A jury sentenced an Arizona man to death Thursday for murdering a family of five in Mesa in 2006 following arguments from a prosecutor who described him as among the most cold-blooded of killers.
Jurors deliberated for about six hours before sentencing William Craig Miller, 34, of Scottsdale, to death on five counts of first-degree murder. He will join 127 other inmates on Arizona's death row.
Miller fatally shot 30-year-old Steven Duffy and Duffy's girlfriend, 32-year-old Tammy Lovell, in the middle of the night in their middle-class east Mesa home in February 2006, shocking their community and the state.
Duffy and Lovell were former employees of Miller's. They were working as police informants against him in a 2005 arson case in which authorities say Miller enlisted Duffy to help him burn down his own home to collect insurance money.
Miller also killed Duffy's brother, 18-year-old Shane Duffy, and Lovell's children — 15-year-old Cassandra and 10-year-old Jacob.
"While today's jury verdict cannot bring back the lives taken by the hand of William Craig Miller, it does declare that those who take innocent life will pay the ultimate price," Maricopa County Attorney Bill Montgomery said in a statement. "The challenge for our justice system now is to carry out this punishment without unnecessary or undue delay."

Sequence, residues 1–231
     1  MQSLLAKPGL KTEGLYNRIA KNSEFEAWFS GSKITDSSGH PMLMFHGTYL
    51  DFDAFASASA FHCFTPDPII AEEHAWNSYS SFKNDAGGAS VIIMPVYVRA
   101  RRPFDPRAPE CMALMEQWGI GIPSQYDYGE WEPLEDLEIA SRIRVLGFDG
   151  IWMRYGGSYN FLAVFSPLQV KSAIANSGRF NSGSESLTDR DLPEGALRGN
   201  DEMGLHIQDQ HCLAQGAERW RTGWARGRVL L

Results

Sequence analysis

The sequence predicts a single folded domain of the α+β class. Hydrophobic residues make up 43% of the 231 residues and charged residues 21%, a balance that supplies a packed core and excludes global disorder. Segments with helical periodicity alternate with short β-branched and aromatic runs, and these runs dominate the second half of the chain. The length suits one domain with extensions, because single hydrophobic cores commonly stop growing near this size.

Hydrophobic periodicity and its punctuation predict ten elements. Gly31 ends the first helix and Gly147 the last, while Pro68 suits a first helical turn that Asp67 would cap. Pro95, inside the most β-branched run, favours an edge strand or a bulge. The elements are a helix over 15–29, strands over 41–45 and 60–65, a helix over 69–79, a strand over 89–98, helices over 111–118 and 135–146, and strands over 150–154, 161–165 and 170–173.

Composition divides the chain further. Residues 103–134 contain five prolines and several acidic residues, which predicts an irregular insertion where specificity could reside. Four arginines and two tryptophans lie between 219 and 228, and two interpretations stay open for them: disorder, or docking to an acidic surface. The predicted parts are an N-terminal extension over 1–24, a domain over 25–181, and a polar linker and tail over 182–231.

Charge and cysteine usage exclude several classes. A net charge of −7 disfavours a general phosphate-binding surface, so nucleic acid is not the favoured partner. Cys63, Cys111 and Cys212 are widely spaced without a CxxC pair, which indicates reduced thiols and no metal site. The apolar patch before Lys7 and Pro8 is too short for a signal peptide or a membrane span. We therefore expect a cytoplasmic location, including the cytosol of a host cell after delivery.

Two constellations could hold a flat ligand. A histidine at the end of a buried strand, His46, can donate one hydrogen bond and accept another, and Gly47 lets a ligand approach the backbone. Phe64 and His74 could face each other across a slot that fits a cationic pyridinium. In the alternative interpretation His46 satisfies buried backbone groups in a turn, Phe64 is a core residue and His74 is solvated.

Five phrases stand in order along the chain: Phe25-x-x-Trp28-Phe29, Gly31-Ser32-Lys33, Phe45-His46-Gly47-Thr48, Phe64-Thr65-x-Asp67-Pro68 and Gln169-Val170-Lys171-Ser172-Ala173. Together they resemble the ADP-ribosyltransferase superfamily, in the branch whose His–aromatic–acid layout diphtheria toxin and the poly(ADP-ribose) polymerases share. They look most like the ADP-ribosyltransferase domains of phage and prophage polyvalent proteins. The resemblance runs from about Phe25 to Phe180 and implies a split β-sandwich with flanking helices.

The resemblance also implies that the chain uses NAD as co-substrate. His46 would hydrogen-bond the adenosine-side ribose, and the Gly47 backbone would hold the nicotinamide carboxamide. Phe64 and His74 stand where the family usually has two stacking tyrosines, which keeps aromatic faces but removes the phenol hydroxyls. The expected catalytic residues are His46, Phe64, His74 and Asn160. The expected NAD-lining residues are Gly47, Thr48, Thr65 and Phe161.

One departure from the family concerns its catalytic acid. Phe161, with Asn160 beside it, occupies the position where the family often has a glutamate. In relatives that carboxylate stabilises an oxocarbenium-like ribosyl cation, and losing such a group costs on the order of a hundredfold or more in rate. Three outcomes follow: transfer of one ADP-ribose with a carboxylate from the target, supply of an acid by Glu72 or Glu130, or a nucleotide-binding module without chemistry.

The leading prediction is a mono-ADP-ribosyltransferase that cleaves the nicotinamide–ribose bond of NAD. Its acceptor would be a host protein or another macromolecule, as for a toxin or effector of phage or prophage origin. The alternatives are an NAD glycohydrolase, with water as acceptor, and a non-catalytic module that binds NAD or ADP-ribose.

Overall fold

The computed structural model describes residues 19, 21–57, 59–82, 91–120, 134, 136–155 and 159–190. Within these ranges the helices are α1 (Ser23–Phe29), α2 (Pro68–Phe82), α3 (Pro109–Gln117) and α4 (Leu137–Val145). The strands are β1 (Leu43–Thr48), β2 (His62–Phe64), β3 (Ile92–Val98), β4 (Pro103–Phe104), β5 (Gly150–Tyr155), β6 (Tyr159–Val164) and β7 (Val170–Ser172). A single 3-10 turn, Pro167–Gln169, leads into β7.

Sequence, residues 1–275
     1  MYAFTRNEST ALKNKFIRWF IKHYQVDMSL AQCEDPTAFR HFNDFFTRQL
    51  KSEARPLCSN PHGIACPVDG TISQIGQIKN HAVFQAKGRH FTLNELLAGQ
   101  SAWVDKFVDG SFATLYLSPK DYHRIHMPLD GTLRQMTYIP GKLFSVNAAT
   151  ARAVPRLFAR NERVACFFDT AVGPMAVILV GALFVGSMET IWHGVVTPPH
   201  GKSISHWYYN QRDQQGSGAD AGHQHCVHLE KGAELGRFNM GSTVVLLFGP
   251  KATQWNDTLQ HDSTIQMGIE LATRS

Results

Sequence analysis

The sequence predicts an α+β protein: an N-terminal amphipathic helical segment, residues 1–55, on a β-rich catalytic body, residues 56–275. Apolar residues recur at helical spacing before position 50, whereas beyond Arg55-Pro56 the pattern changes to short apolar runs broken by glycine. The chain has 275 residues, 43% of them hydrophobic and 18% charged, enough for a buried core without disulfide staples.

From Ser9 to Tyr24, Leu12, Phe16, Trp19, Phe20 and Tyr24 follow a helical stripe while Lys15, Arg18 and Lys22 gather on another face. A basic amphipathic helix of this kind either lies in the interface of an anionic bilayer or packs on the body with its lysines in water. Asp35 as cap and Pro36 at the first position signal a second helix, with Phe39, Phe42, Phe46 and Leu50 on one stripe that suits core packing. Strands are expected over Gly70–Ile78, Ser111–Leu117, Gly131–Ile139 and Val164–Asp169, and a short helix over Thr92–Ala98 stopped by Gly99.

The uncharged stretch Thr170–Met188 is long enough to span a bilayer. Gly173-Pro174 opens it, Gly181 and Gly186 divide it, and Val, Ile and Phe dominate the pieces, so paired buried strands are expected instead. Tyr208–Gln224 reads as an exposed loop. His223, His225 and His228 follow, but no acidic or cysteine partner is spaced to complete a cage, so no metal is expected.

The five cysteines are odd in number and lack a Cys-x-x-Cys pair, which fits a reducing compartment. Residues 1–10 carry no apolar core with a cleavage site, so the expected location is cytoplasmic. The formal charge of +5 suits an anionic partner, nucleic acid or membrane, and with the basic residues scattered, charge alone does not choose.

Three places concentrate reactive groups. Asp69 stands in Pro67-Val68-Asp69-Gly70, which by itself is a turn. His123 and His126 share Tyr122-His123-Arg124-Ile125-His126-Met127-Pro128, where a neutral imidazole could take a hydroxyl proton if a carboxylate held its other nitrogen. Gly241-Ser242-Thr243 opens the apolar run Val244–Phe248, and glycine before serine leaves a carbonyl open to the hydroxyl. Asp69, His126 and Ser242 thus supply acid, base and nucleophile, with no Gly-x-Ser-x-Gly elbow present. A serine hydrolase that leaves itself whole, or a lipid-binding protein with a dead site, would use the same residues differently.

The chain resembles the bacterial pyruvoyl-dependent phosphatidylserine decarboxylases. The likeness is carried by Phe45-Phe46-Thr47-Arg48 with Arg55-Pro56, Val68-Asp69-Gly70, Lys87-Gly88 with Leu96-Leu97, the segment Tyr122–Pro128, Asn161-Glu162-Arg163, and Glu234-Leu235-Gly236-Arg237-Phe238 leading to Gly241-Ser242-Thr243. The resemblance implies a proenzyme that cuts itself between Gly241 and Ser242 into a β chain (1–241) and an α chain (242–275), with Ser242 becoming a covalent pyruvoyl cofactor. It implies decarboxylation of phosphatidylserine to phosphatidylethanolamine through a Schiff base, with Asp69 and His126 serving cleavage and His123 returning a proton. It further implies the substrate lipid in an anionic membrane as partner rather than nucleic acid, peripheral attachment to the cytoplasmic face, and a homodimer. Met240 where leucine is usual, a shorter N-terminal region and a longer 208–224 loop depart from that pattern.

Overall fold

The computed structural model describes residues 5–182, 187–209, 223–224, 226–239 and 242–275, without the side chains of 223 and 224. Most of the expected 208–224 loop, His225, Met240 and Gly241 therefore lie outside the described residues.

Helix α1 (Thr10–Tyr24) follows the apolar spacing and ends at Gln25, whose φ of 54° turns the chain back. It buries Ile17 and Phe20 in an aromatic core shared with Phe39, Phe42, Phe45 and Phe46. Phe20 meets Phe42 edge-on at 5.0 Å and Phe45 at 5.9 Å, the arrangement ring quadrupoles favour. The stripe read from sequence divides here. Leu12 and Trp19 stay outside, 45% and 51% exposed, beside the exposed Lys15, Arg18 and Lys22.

Miller's attorney, Eric Kessler, acknowledged Wednesday that Miller killed the family in an "evil act," but told jurors he should be spared the death penalty because he has been diagnosed as bipolar and had begun taking medication that made him even more manic around the time of the killings.
Kessler showed jurors a picture of the cell Miller would be confined to if given a life sentence and a picture of him as a tow-headed 5-year-old boy with a big grin. He told the jury, "Inside that monster you saw in the courtroom is a human being."
But prosecutor Kristen Hoffmeyer showed jurors some very different pictures — gruesome shots of all five victims with gunshots to the head. The images were flashed in court for all to see, causing the victims' family members to cry and cover their faces.
"You should be outraged by what this man has done," she told jurors. "The only penalty that fits these crimes is for this man to spend every single day of the rest of his life — however many he has left — sitting on death row."
She dismissed Miller's bipolar disorder and family troubles, telling jurors: "You may not have control over the cards you're dealt, but you have control over how you play the hand."
Miller was largely absent from his trial and only attended his own lawyer's closing arguments in the penalty phase. He also declined to address the jurors himself, even though the judge in the case told him it might get him a more lenient sentence.